How to STAY Organized: Stop Shopping

How to stop shopping


Debt, Savings

The following is a blog post from Alicia Kaye’s Blog that I collaborated on:

When I organize a space for someone, I am always thinking about maintenance. How easy is this going to be for them to maintain? I’m always balancing aesthetic with function. To able to make these decisions I need to be informed. For me to be informed, I need to ask the right questions of my clients and most importantly, I need their honesty. I ask a number of questions in my contact form, phone consultation, questionnaire and in home assessment that help guide me towards the right organizational solutions for each individual client. However, organizational systems do not maintain themselves. If old habits resurface then it’s possible for a thoughtful, informed organizational system to fall apart.

Think of staying organized like following a diet. To maintain an ideal weight, you must eat with intention. You may even decide to add a few new behaviors to support your new diet, like adding exercise to your daily routines or avoid going to certain restaurants. To maintain an organizational system, you have to do simple daily tasks with intention; these daily tasks eventually turn into habits. You and your family must consciously decide to respect the organizational system, it requires your support.

The most common way a beautifully organized space falls apart is by adding too much stuff back into the space. Just about every project we do requires some type of decluttering. Once an ideal number of possessions is established for the space, it needs to be respected.

Respect for you.

You deserve to live in a peaceful, clutter free home.

Respect for your home.

Your house should be a home and not a storage unit.

Respect for the item and it’s intended purpose.

All items in your home should be serving their intended purpose.

I work very hard in the organizational process to ensure my clients understand how much they own so they can have a better idea of how much “inventory” they have. We group and categorize everything and, in most cases, people are shocked by how much they own. Do we really NEED all this stuff? The answer in almost all cases is no, we don’t. The reason we over purchase is because:

1) We don’t know what we have because we have too much.

2) Buying things because it makes us feel good.


But in reality, we are wasting money and literally buying future clutter. We are CONSTANTLY being advertised to, and so are your kids. We are made to feel like we don’t have enough, even when we do. It is no secret that shopping can make some people feel really good, and that buying something new for themselves can provide a short-lived rush of happiness. For some people this can escalate into more serious conditions like emotional spending, compulsive shopping and even shopping addiction. My friend Cyndia Rivera is a Certified Professional Financial Coach and helps people get control of their finances. A part of that process is getting very clear picture of the spending habits of her clients. Cyndia explains how serious emotional spending can become:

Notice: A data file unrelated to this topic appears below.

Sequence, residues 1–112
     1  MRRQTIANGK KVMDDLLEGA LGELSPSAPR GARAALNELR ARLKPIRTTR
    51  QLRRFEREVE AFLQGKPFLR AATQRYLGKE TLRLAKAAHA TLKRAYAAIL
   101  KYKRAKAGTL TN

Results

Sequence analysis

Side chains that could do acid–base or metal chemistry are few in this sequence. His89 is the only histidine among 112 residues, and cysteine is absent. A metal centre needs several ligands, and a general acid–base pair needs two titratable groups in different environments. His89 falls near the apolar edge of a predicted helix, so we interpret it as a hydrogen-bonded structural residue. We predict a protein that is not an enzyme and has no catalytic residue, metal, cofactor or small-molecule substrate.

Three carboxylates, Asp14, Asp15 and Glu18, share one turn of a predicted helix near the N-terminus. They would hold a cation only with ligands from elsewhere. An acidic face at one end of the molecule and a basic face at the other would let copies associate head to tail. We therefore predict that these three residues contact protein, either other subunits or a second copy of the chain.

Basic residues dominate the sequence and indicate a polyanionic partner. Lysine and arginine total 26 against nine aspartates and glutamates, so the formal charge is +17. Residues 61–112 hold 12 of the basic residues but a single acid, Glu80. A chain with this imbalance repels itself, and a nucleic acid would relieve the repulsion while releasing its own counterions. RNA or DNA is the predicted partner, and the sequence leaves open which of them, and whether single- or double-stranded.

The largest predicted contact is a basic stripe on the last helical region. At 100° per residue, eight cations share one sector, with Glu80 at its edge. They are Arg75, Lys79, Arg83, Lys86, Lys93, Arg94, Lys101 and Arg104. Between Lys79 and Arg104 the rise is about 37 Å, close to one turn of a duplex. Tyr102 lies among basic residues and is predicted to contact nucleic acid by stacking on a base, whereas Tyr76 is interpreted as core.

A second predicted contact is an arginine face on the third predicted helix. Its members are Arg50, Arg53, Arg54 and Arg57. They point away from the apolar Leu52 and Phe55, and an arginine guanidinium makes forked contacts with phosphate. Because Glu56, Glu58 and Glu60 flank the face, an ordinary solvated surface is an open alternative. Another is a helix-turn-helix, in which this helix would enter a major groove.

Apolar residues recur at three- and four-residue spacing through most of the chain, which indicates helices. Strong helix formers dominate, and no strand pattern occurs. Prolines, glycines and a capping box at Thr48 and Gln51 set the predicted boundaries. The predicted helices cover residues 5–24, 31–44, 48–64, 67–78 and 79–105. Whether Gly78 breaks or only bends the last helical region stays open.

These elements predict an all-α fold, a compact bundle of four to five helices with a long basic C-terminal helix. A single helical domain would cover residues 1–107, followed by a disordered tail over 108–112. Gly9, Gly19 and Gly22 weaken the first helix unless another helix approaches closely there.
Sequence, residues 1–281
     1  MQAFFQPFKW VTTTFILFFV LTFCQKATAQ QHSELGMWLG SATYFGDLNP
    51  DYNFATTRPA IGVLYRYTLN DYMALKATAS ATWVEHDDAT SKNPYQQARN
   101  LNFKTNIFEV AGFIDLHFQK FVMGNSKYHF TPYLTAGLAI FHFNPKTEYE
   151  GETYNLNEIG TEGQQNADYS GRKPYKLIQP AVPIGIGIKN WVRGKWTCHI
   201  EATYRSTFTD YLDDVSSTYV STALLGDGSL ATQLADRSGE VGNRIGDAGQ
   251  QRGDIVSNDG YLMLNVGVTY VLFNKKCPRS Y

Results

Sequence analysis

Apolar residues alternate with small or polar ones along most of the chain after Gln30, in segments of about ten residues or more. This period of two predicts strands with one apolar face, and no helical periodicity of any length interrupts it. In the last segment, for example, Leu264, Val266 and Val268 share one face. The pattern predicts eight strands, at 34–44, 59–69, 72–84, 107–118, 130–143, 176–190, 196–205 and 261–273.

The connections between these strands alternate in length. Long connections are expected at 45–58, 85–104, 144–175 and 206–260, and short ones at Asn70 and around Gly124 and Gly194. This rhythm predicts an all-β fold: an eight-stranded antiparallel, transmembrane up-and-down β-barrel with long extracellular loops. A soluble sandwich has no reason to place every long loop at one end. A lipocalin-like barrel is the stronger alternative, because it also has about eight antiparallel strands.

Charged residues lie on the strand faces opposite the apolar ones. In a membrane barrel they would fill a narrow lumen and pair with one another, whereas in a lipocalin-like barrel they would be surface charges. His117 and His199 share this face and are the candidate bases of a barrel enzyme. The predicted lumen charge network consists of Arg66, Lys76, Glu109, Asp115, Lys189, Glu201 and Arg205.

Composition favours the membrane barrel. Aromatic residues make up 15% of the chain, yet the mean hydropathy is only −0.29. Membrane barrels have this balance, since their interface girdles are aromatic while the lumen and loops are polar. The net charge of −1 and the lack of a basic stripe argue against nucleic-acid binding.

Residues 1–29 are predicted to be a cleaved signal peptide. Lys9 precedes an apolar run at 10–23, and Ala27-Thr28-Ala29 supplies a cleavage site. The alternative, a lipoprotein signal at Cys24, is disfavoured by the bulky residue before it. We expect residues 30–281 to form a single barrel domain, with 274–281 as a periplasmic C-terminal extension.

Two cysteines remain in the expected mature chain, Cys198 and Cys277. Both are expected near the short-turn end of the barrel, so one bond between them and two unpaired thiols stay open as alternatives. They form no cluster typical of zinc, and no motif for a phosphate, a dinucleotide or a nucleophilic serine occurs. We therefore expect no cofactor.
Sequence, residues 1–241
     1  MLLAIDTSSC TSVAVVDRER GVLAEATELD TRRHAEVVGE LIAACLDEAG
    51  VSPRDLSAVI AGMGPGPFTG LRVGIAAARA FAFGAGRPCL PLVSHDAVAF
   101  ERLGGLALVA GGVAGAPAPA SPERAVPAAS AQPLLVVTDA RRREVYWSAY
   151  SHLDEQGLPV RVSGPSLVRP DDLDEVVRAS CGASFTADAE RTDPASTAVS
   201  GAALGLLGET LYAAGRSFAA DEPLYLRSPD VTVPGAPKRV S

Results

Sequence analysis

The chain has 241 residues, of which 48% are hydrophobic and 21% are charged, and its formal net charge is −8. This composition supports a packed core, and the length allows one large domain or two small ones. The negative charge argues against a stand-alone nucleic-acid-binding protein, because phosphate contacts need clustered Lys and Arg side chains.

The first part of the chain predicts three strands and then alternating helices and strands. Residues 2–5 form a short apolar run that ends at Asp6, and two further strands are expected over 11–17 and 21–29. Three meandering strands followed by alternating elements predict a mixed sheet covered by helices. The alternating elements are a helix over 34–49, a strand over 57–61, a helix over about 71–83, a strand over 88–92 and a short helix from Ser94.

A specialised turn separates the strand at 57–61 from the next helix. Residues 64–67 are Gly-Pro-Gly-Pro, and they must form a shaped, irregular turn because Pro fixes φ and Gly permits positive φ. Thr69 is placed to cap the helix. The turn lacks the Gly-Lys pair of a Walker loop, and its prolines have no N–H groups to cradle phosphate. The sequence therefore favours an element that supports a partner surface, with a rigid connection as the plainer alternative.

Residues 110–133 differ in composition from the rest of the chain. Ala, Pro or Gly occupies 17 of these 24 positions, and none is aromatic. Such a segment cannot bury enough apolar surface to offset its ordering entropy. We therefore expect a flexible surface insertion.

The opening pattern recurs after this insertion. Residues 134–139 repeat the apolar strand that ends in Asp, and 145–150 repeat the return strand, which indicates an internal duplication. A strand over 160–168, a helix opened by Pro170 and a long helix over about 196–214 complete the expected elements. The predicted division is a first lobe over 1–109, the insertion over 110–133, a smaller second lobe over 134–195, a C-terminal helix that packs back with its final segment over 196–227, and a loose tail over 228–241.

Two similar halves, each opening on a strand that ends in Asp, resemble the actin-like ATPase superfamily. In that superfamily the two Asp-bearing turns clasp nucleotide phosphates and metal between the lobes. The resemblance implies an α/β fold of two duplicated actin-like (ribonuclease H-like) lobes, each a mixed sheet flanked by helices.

An emotional spender is someone who maxes out their credit cards, shops when they are in a bad mood, buys things then hides them, regrets their purchases, and makes frequent returns, feels a sense of fulfillment or control after spending and shops when they are lonely or bored. Emotional spending may feel good, but can lead to massive debt, the inability to save money, poor credit and more.


Emotional spenders can not only have a detrimental financial impact on their household because they are spending so much money but they also have an emotional impact. I’ve been to homes of emotional spenders where rooms and closets are filled with brand new items; these items can take over people’s homes and negatively affect their quality of life. Cyndia further explains, “It can also cause relationship problems. Resentment and frustration can grow if one feels helpless in the face of the other’s habits or if one feels that the other is spending all the money with no thought for the future.”

Cyndia and I put together a list of tips to help prevent unnecessary purchases:


1) Put yourself on a budget and set aside money for the things you want.

2) Be aware of your triggers (i.e. the feelings that make you want to buy!) and have a plan of action for when you are triggered.

3) Do not go shopping without a specific intention. Go shopping with a list and stick to it!

5) Delay unplanned purchases for 24 hours before you decide it is necessary.

6) Have an accountability partner who you can talk to when you have the desire to spend.

7) Make long term financial goals for yourself; a financial coach and/ or financial advisor can assist tremendously in this process.

Emotional spending is very common. I realized I was making small impulse purchases when I went into stores like Target or Home Goods. While these items made me feel happy in the short term, I I realized that I was literally buying clutter. The emotional spending occurred when I was physically in stores, so I consciously made the decision to stop shopping. You have to be honest with yourself about when and why emotional spending is happening. There also has to be a motivation to change the behavior: I set retirement and savings goals for myself with the help of my financial advisor, who also happens to be my husband! Having a clearer understanding of my financial goals in the long term makes it easier for me to make informed decisions about spending rather than letting my emotions do the spending for me.

A healthy relationship with your finances and shopping habits is a key component to staying organized due its direct relationship with clutter accumulation. If you’d like to learn more about organizing your home, contact Alicia Kaye of Try Organizing. 

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